But a new analysis by the Reason Foundation finds that if the project is at best a lousy and expensive way to reduce greenhouse gasses, and at worst, would on net, increase greenhouse gas emissions.

The High Speed Rail Authority says that by 2040 the train will reduce GHG emissions by 1.54 million tonnes per year.  But they get that figure by assuming nothing else will change. That over the next 25 years neither cars nor automobiles will get more fuel efficient according to their forecast.

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California – Lack Of Business, As Usual

Senator Mimi Walters
California State Senator, 37th Senate District

Nearly 8.0% of Californians are currently unemployed compared to the national average of 6.7%. Using an alternative method of looking at poverty, which includes factors such as cost of living and public benefits, the official rate released by the U.S. Census Bureau this past September determined that over a three year period, California has more people living in poverty than any other state in the nation. Nearly one in four California residents is considered to be impoverished.

In addition, the Golden State is one of only two states in the nation where one-fifth of its labor force is underemployed, a situation which occurs when skilled and educated workers are forced to accept employment for which they are overqualified and/or accept fewer hours due to a lack of opportunities within the current job market. California has the second highest rate of underemployment at 17.8%. This state of affairs creates a domino effect that reduces economic opportunity as higher skilled workers edge out those with fewer skills as they compete over entry-level positions.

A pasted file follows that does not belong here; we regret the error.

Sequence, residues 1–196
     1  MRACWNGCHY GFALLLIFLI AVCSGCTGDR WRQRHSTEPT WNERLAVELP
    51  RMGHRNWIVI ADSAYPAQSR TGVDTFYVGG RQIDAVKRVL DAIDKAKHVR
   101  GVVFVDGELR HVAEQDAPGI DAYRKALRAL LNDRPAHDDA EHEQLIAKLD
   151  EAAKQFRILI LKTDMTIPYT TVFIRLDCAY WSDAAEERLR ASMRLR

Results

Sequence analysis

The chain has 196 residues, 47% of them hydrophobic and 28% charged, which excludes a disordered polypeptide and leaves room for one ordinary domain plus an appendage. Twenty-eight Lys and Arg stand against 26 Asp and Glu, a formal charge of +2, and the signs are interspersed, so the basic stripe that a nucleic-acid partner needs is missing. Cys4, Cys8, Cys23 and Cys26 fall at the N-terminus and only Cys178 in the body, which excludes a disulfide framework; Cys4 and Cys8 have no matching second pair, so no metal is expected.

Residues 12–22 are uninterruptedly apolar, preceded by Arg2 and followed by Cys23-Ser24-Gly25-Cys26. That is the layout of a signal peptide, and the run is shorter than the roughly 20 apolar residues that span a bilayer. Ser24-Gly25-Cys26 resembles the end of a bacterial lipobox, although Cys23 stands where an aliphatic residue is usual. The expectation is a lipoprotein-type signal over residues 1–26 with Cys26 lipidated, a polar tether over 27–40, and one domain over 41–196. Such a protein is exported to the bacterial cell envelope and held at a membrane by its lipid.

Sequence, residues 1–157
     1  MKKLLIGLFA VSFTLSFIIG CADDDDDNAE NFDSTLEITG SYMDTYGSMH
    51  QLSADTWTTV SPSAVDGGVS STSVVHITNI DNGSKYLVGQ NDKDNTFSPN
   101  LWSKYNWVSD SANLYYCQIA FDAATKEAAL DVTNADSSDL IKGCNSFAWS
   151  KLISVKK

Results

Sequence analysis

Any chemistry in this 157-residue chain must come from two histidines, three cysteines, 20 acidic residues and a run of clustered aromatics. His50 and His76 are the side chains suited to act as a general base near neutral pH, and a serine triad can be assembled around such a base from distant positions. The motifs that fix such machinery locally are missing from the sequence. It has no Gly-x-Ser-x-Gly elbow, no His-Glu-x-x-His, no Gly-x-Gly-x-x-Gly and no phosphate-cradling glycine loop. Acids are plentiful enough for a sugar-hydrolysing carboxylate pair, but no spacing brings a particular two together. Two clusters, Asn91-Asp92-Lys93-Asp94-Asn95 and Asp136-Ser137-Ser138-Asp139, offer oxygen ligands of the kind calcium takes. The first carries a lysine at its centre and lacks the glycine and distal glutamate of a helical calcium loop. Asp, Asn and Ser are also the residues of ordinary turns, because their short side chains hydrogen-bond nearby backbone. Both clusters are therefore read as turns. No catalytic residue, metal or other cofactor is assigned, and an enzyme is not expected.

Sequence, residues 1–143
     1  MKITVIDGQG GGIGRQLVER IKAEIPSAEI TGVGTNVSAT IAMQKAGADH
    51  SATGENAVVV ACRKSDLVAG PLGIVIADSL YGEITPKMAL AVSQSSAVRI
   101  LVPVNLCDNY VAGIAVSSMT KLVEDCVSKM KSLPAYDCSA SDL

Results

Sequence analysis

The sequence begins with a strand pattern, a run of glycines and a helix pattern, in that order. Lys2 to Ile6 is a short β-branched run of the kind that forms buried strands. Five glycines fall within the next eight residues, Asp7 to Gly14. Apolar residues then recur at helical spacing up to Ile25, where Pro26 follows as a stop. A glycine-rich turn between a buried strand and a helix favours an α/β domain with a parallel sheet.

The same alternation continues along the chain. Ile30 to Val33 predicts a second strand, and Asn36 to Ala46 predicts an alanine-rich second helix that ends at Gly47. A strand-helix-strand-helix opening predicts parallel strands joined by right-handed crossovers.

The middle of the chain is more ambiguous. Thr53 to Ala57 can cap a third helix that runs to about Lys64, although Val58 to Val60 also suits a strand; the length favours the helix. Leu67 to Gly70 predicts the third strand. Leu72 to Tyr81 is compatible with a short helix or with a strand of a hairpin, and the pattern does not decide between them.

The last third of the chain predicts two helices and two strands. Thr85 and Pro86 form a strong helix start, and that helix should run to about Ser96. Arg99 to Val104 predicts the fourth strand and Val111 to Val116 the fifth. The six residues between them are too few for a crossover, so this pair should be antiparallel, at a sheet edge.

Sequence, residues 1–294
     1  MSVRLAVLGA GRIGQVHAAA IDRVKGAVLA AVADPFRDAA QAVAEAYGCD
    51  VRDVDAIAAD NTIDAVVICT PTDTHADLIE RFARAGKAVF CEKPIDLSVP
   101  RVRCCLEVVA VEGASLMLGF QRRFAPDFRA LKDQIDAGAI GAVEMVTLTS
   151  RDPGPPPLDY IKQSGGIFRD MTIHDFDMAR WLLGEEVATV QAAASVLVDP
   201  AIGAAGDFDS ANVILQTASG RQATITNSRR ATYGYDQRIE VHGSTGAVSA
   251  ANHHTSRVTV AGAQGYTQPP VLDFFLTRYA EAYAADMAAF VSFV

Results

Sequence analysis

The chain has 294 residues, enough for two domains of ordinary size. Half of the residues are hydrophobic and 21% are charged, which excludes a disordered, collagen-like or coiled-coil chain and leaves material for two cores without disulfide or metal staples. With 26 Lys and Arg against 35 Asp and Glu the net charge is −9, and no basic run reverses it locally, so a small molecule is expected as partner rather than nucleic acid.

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The Facts About High-Speed Rail

Dan Richard
Chair of the California High-Speed Rail Authority

Once again, opponents of California’s plans for a modern, efficient, and environmentally friendly high-speed rail system seem to think they can get away with criticisms of the project that have no basis in fact.  Tom Del Beccaro’s recent opinion piece is just that, opinion.  And while we are all entitled to our own opinions, we are not entitled to our own facts.  Allow me to set the record straight.

First, contrary to his delusory claims, we do have funds for a useable high-speed rail segment in the Central Valley – a project that substantially improves already popular existing rail service while building the spine of a new rail network.   That project, which has commenced, will create thousands of near- and long-term jobs.  Meanwhile, we’ve executed funding agreements with local rail agencies in Los Angeles and on the San Francisco Peninsula to upgrade existing rail infrastructure for future high-speed rail use, moves that deliver immediate benefits to conmmuters and cut billions off the project’s total cost.